If you are interested in blogging or want to promote your book, please contact E. B. Davis at writerswhokill@gmail.com.


Our reason for creating WWK originated as an outlet for our love of reading and writing mystery fiction. We hope you love it, too, and will enjoy our holiday gifts to our readers with original short stories to celebrate the season. Starting on 11/16 stories by Warren Bull, Margaret S. Hamilton, Paula Gail Benson, Linda Rodriguez, KM Rockwood, Gloria Alden, and E. B. Davis will appear every Thursday into the New Year.


Our November Author Interviews: 11/8--Ellen Byron, and 11/15--Sujata Massey. Please join us in welcoming these authors to WWK.


November Saturday Bloggers: 11/4 Margaret S. Hamilton and 11/11 Cheryl Hollon.


Congratulations to our writers for the following publications:

Shari Randall's "Pets" will be included in Chesapeake Crimes: Fur, Feathers, and Felonies anthology, which will be published in 2018. In the same anthology "Rasputin," KM Rockwood's short story, will also be published. Her short story "Goldie" will be published in the Busted anthology, which will be released by Level Best Books on April 25th.


In addition, our prolific KM will have the following shorts published as well: "Making Tracks" in Passport to Murder, Bouchercon anthology, October 2017 and "Turkey Underfoot," just published, will appear in the anthology The Killer Wore Cranberry: a Fifth Course of Chaos.


James M. Jackson's 4th book in the Seamus McCree series, Doubtful Relations, is now available. His novella "Low Tide at Tybee" appears February 7 as part of Lowcountry Crimes: Four Novellas, which is available for order.

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Monday, February 18, 2013

Ellery Adams's Pies and Prejudice

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I thought it appropriate to review Pies and Prejudice by Ellery Adams on what we used to celebrate as George Washington’s birthday and now call Presidents Day. George Washington was fabled to have cut down a cherry tree and fessed up to his deed, and what better use for all those cherries than to make pie. But Ms. Adam’s main character, Ella Mae, dishes up more than organic ingredients when she bakes. 

Pies and Prejudice is the first novel in the Charmed Pie Shoppe series, which I assumed was a cozy mystery because of the other traditional series I’ve read by Ellery Adams and those she has written as Jennifer Stanley and J.B. Stanley, and in part it is a traditional cozy. But I also found an element of mysticism reminiscent of those early novels by Alice Hoffman that I hold dear.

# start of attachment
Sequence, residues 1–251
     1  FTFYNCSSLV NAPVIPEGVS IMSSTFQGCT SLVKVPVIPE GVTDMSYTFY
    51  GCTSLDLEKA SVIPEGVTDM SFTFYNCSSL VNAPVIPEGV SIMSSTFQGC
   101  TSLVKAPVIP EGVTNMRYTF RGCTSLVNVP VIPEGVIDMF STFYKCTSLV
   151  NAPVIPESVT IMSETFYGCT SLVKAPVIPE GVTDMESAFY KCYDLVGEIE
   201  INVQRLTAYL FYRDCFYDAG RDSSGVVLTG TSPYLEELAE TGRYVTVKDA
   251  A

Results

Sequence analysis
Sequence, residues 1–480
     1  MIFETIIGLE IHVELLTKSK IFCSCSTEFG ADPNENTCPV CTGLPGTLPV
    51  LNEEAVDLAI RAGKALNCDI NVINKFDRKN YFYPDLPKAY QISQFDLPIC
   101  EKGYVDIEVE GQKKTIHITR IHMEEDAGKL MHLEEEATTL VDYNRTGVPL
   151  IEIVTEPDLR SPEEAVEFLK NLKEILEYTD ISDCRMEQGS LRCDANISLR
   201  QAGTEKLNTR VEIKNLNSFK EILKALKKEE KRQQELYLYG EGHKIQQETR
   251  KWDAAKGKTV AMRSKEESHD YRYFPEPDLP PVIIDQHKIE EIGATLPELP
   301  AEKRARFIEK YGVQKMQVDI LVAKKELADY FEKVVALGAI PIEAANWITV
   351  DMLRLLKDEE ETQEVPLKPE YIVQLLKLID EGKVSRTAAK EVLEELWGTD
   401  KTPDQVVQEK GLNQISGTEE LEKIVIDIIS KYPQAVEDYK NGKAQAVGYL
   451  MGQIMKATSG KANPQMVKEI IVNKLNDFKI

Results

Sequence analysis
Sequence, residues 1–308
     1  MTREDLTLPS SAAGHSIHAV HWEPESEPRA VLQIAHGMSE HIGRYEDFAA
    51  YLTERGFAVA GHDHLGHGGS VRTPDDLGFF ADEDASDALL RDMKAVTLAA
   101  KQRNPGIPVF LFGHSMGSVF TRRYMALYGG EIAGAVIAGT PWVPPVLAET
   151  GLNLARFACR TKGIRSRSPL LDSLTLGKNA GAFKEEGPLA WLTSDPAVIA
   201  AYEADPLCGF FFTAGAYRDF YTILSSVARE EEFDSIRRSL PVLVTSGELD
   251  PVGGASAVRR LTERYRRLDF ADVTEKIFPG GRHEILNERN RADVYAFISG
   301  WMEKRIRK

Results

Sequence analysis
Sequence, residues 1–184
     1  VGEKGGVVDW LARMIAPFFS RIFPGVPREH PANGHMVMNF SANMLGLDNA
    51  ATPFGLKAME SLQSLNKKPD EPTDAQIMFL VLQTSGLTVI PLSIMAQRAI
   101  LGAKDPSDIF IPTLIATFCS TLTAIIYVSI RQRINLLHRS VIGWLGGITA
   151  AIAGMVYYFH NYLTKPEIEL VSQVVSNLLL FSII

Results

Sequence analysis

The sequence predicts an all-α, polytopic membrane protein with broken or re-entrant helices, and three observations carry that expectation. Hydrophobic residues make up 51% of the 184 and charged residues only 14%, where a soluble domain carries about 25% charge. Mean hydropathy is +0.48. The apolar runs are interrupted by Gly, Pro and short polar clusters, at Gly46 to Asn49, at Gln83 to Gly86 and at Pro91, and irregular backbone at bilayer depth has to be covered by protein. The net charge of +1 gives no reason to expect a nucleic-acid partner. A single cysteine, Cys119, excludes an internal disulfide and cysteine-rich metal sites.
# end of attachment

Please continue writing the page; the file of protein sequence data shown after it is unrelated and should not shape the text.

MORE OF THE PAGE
Ella Mae finds her husband in flagrante delicto with two redheads in their NYC apartment house elevator a week before she would have graduated from culinary school. Accompanied by her Jack Russell terrier, she returns to her hometown in Georgia, where her mother’s three sisters, their housekeeper and her mother, with whom she has an uneasy relationship, live. Going home is fraught with past relationship problems, the reason she ran away to marry. She finds her mother unfathomable. Loralyn, her childhood nemesis, continues to bash her at every opportunity. Hugh Dylan, an unrequited childhood crush, interests her when she least needs another man in her life, one who may not be worthy of her. With her family’s help, she opens a pie shop.
 
But the opening is marred by a man’s murder. The victim was found holding a rolling pin identified as Ella Mae’s by her fingerprints.  Ella Mae must solve the murder to absolve herself, discover her magic, and neutralize Loralyn’s power over her.

Pies and Prejudice is not a book for those who need a romantic male lead with whom the heroine absconds with in a HEA ending. It is a book for survivors who would still like to think that life and magic are not mutually exclusive or dependent on the big “L.” I’m looking forward to reading the next in the series, Peach Pies and Alibis. This series is for grown ups who have taken their knocks, clenched their teeth and still say yes.

4 comments:

Gloria Alden said...

It sounds like an excellent series, and one I'd like to read. Who among us who are a little older haven't experienced life's knocks, and most of us have sucked it all in and gone on.

E. B. Davis said...

That's true, Gloria. Even at younger ages, heartbreaks occur.

Not only did I like this series, but over the weekend I read another first in series by Ellery Adams, Every Trick In The Book, a Novel Idea Mystery. I liked that series too. How do the authors have time to write up to three series at once?

Kara Cerise said...

It sounds like Ellery Adams wrote a strong but sympathetic main character that readers will care about.

I've often wondered how authors write more than one series at a time. Three must be a juggling act.

E. B. Davis said...

I'm not sure how they do it either, Kara. But most of these writers have been writing for so long and at last have the opportunity, I think they just go for it and make it work. But they must write for at least 8 hours every day. If you are getting paid, I guess it is the same as other jobs.